WSOP Offering $18,385 an Hour Temp Jobs


First-Time Player Foster Hays Wins First WSOP Gold Bracelet


New Poker Champion Turns $1,500 Investment into $735,400


New Record Set for Largest Single-Day Field Size of any $1,500 buy-in Tournament – 3,157 Starters


A Full House at the 2011 WSOP-- Tournament Attendance Remains 10% Ahead of Last Year


Nineteen Gold Bracelets Won – 39 More Still Up For Grabs





Help Wanted.

The 2011 World Series of Poker is currently offering temporary positions for poker players.   Players may earn up to $18,385 per hour.  Applicants must be willing to work up to 12 hours per day.  No experience is necessary.

Today, one additional player was hired.  His name was Foster Hays, from Dallas, TX. 


Hays would be the first to admit that he didn’t have much of an employment resume.  He had never done this kind of work before.  For instance, Hays had absolutely no previous WSOP experience.  Nevertheless, he managed to be a quick learner on the job.  Hays' primary duties and responsibilities included sitting around a series of poker tables and playing cards the entire time.

Hays worked just four days at the Rio Las Vegas, assigned to a specific poker tournament designated as the $1,500 buy-in No-Limit Hold'em Championship.  He put in 40 total hours.  He was granted several breaks, including one hour each day for dinner.  He was able to wear shorts, a sweatshirt, and flip flops to work.  He even got to sleep until noon during each of the four days he was employed.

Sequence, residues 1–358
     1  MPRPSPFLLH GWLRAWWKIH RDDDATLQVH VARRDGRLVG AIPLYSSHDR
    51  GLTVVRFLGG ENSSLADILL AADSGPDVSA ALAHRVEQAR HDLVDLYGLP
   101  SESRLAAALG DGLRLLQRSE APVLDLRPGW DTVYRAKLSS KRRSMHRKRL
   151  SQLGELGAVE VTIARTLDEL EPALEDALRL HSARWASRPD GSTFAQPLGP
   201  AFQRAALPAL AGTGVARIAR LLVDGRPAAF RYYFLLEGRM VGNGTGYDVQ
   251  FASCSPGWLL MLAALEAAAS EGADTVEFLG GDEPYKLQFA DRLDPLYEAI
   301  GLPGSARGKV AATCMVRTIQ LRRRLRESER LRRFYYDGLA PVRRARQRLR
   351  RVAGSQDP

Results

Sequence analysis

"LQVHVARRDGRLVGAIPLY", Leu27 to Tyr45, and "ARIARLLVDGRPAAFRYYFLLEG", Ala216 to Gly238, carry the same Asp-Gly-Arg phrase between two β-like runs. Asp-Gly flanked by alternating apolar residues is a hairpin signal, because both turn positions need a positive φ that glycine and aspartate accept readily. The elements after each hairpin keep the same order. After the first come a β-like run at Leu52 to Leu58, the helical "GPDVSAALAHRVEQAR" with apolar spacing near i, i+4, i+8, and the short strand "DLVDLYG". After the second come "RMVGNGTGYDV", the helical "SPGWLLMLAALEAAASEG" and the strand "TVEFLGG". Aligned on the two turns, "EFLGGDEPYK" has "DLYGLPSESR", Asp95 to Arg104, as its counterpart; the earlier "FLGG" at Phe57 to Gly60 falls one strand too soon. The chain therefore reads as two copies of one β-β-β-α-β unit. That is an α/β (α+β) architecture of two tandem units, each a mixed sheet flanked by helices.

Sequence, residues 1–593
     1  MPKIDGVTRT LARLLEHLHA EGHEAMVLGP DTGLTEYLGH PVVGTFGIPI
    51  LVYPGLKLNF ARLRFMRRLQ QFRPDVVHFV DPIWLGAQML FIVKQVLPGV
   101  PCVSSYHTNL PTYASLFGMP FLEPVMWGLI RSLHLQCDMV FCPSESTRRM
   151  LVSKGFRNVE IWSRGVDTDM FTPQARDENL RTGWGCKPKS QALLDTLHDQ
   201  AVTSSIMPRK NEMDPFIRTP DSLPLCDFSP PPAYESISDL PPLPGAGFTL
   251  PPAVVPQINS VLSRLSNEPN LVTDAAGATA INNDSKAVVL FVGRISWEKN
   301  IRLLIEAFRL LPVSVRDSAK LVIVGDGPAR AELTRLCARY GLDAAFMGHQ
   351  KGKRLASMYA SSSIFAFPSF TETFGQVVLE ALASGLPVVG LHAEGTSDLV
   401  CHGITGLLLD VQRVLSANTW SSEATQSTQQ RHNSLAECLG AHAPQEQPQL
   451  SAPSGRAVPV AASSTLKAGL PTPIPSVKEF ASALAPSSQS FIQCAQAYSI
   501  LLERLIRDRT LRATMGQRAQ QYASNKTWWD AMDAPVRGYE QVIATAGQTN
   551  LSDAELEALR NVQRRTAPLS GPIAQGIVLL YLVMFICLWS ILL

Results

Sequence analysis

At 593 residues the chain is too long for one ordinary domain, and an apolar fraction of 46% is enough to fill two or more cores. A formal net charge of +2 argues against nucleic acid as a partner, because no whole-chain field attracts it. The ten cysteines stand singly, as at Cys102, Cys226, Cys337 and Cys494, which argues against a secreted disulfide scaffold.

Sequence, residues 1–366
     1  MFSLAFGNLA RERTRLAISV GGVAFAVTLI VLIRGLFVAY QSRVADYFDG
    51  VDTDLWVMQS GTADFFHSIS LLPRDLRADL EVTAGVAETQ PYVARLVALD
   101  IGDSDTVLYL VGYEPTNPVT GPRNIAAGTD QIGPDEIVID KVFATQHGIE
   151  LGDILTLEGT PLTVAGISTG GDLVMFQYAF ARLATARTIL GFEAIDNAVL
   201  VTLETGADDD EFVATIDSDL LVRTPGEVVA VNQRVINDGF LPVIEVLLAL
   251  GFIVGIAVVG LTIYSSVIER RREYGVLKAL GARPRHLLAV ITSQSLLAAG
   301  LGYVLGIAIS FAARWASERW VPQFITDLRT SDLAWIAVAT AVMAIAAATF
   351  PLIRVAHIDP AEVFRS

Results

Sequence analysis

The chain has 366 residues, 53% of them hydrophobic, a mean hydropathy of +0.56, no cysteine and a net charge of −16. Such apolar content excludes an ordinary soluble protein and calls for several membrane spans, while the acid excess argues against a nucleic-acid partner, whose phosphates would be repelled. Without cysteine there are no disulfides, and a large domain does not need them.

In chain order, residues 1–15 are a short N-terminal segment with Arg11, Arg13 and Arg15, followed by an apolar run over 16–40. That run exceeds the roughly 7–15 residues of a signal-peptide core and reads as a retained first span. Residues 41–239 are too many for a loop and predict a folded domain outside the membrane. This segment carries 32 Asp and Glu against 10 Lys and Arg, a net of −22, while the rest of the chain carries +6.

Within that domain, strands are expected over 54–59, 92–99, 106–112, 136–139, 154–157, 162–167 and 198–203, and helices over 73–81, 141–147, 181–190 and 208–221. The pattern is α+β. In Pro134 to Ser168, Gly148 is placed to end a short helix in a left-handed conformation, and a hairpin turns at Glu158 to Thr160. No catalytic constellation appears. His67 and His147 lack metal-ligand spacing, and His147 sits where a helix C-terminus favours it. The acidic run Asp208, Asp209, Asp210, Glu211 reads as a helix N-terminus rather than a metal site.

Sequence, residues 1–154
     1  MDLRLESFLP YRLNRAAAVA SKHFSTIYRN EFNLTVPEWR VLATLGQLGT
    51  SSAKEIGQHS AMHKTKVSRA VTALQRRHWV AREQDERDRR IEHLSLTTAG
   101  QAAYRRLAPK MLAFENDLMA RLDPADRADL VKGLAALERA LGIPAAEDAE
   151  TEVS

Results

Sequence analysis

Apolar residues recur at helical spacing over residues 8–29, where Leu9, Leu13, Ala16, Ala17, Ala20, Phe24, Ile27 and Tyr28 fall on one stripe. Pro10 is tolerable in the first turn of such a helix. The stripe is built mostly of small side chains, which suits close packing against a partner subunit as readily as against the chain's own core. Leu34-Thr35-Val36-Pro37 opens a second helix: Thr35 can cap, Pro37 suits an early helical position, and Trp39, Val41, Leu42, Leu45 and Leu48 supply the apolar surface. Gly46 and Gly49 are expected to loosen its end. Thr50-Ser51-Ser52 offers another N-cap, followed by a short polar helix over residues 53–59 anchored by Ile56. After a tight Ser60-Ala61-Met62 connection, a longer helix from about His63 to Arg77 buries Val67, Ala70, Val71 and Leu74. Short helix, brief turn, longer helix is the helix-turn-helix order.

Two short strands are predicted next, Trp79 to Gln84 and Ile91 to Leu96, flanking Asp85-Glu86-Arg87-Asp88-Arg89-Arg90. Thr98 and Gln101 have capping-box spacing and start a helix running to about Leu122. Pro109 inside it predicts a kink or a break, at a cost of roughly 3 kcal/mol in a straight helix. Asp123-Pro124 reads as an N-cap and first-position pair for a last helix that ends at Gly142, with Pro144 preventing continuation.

Hays collected a nice-sized paycheck totaling $735,400.  His salary was calculated based on working three 12-hour shifts, plus one 4-hour shift on his final day.  His 40 combined hours amounted to a net income of $18,385 per hour.  Hays was even permitted to bring along many of his friends to work on his final day.  The friends spent most of their time at Hays' place of employment shouting encouragement, celebrating exciting hands and drinking beer. 

Interested players are encouraged to show up at the Rio, and apply.  There were 58 positions available this summer – 19 of which have already been filled.  That leaves 39 positions still open.  Applications are being taken now through July 19th.

For a comprehensive recap of Event #18, please click here.




The 2011 World Series of Poker $1,500 buy-in No-Limit Hold’em champion is Foster Hays, from Dallas, TX.


Hays is a 25-year-old medical researcher.  He works at a major hospital in Dallas as a research coordinator, which means he works with patients in research studies.


Hays was born in Dallas and has lived there most of his life, except for the four years he spent in New Haven, CT while in college.


Hays is an alum of Yale University, Class of 2008.  He earned a degree in chemistry.


This was the first time Hays had ever attended the WSOP.  This was the first tournament he had ever played.


Hays’ only previous live poker tournament cash was a 15th-place finish in a preliminary tournament held at the Venetian, in Las Vegas, 16 months ago.  He earned $1,861 for that in-the-money finish.